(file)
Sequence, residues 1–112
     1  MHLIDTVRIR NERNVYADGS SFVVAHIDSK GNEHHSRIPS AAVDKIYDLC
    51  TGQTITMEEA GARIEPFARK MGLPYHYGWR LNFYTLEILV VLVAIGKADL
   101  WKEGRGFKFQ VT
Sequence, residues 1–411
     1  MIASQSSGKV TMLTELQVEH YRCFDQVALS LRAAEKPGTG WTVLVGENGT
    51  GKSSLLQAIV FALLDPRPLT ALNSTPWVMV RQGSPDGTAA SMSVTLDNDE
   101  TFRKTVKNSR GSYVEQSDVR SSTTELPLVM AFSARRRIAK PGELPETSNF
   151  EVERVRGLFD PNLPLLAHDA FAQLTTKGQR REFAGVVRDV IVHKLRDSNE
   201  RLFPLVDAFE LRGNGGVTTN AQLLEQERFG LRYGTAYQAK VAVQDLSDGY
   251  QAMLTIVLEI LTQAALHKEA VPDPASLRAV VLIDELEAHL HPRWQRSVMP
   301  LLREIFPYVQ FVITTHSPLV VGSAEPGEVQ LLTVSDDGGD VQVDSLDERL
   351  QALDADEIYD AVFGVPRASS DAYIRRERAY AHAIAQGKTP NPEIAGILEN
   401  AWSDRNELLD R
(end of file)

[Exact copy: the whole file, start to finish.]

Sequence, residues 1–112
     1  MHLIDTVRIR NERNVYADGS SFVVAHIDSK GNEHHSRIPS AAVDKIYDLC
    51  TGQTITMEEA GARIEPFARK MGLPYHYGWR LNFYTLEILV VLVAIGKADL
   101  WKEGRGFKFQ VT
Sequence, residues 1–411
     1  MIASQSSGKV TMLTELQVEH YRCFDQVALS LRAAEKPGTG WTVLVGENGT
    51  GKSSLLQAIV FALLDPRPLT ALNSTPWVMV RQGSPDGTAA SMSVTLDNDE
   101  TFRKTVKNSR GSYVEQSDVR SSTTELPLVM AFSARRRIAK PGELPETSNF
   151  EVERVRGLFD PNLPLLAHDA FAQLTTKGQR REFAGVVRDV IVHKLRDSNE
   201  RLFPLVDAFE LRGNGGVTTN AQLLEQERFG LRYGTAYQAK VAVQDLSDGY
   251  QAMLTIVLEI LTQAALHKEA VPDPASLRAV VLIDELEAHL HPRWQRSVMP
   301  LLREIFPYVQ FVITTHSPLV VGSAEPGEVQ LLTVSDDGGD VQVDSLDERL
   351  QALDADEIYD AVFGVPRASS DAYIRRERAY AHAIAQGKTP NPEIAGILEN
   401  AWSDRNELLD R